Television has helped shape our society for over 60 years. This week, we talk about what is arguably the first national television network, and it’s not NBC. Join us as we discuss the influence and the lost legacy of the forgotten network.
I was a child of the nineties. Though I was born in the early eighties, I really started making badass memories at about age seven. By that time, I was more aware of what was going on around me and had developed a full-blown obsession with movies. Many of my best childhood memories are tied to a movie or at the very least a timeframe related to a movie’s theatrical release. I’ve been in a place lately where I’ve been purchasing and revisiting these films to see what I may have missed when I was a wee one. So here we go, ladies and gents… the first in a series for your reading enjoyment!
This week we have something very special for our listeners, a two-part crossover! Listen as Nerds on History co-host Eric Bricmont helps us discuss Thanksgiving in film. Listen to Part I in the Nerds on History podcast. Listen, subscribe, and don’t forget to like us on Facebook, and follow us on twitter @Nerdonomy!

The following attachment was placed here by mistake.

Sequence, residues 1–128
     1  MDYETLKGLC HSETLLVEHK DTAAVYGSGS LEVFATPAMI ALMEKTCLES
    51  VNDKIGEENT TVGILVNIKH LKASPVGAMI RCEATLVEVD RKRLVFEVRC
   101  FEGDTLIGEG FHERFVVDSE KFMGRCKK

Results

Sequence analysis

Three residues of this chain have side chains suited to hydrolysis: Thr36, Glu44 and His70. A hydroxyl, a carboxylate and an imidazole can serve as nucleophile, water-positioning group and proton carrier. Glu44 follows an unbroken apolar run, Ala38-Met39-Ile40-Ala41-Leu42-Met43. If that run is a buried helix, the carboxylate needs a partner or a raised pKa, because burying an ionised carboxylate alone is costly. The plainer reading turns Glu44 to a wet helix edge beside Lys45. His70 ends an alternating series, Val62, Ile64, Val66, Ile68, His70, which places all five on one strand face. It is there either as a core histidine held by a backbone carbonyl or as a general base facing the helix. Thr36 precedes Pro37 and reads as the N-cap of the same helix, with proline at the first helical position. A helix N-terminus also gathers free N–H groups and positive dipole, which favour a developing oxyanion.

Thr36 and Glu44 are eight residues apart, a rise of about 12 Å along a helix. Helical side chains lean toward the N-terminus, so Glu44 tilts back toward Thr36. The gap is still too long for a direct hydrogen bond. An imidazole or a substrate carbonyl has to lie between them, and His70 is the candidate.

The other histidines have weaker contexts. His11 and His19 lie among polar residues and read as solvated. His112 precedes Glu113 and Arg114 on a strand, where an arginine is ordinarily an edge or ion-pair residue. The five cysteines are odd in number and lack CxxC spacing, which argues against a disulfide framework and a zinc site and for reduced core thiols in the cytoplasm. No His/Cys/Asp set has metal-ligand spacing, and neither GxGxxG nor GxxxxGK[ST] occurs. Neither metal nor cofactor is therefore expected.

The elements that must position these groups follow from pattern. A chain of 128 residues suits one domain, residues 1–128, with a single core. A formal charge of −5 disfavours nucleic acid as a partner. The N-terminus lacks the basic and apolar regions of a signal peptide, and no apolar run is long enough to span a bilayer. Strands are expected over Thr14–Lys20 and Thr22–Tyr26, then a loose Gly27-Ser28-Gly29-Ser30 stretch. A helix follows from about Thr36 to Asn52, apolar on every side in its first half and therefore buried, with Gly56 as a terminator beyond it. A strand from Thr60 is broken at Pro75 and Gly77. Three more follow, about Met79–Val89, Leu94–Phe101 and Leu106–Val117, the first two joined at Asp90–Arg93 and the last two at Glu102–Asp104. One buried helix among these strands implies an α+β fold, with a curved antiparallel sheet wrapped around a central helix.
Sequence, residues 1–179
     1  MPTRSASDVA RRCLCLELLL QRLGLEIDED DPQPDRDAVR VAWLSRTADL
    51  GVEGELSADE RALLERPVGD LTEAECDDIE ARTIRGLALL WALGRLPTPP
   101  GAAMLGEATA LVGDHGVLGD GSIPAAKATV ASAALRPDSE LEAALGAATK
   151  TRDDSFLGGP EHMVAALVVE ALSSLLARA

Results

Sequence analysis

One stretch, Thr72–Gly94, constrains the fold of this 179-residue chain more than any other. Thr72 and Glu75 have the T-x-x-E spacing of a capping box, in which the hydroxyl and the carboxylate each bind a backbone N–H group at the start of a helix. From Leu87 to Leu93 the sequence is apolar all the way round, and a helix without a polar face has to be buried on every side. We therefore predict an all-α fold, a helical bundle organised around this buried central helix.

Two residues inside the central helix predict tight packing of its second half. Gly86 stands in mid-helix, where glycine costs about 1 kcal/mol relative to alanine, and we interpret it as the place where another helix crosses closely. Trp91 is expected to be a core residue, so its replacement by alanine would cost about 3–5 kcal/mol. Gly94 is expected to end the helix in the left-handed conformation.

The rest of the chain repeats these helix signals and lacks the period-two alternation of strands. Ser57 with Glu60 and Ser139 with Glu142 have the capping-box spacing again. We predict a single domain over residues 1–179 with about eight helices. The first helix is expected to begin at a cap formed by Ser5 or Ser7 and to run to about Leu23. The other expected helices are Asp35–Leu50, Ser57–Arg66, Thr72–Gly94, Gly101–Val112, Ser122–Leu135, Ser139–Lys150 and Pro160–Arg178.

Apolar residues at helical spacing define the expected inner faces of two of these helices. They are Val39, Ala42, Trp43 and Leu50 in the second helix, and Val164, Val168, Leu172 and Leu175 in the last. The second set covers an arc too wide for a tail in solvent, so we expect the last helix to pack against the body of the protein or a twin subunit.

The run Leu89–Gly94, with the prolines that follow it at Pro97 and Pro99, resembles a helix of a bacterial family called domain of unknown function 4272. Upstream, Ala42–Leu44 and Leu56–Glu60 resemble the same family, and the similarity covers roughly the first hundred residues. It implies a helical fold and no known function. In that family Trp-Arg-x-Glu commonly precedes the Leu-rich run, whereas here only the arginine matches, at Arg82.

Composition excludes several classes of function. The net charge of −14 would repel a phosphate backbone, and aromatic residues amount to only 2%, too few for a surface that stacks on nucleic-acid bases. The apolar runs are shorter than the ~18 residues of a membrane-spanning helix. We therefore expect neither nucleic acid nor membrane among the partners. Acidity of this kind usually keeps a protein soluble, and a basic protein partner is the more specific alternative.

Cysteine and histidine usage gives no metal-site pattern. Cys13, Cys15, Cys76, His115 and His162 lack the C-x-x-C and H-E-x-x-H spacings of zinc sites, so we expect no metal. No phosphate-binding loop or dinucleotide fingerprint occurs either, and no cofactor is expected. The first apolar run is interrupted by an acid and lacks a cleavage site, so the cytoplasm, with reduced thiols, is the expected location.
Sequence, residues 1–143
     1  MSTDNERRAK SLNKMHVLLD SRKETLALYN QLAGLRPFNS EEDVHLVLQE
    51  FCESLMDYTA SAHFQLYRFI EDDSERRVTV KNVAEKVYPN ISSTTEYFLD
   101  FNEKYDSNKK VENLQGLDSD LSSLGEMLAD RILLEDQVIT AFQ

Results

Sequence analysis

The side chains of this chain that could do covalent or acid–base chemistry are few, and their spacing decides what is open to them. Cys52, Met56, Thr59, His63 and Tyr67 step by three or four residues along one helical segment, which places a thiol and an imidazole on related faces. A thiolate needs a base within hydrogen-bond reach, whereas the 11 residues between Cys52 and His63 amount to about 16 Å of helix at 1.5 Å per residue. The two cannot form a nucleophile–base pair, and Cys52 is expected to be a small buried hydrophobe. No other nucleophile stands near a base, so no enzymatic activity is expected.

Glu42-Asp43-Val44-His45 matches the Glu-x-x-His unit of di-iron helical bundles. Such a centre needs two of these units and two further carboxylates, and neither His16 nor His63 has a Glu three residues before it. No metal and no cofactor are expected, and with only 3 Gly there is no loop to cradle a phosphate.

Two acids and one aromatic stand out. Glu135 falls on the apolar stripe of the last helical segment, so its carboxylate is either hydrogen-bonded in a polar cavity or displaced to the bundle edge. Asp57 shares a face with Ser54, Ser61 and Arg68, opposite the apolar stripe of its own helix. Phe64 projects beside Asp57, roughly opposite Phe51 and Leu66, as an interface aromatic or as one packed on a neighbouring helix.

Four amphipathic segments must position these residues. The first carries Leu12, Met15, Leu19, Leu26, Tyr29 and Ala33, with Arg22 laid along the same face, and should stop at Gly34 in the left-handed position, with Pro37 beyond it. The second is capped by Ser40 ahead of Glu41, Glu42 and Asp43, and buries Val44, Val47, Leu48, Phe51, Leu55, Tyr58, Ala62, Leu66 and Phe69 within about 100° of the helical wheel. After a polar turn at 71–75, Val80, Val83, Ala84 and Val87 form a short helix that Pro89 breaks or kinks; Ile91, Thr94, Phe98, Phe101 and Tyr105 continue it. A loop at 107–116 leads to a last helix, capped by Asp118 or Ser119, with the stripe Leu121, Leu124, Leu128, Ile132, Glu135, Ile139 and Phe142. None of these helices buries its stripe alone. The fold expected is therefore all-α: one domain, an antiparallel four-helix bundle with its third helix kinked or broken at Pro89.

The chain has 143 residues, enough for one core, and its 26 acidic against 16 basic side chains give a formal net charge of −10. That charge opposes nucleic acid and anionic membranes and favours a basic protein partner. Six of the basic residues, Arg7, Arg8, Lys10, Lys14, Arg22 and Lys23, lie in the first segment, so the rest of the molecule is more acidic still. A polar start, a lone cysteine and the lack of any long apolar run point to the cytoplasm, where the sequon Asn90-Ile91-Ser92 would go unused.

Nerds on History
Episode No. 69 — The Complete Package
Eric and Bryan welcome author and historian Maureen Ogle onto the show to talk about her new book In Meat We Trust: An Unexpected History of Carnivore America. Listen as they explore a unique perspective on the history of food in America.
Eric and Bryan were thrilled to welcome Maureen Ogle, who also happens to be the first guest on Nerds on History who has a Ph.D. As we discussed her book, we got to dive into the history of the United States from an rarely explored angle: the food we we eat, and how it came to be that way. The single resonating question that drove all of Maureen’s research was “what does it mean to be an American?” As you listen, I think you’ll find that we come up with some pretty good ideas that help answer that.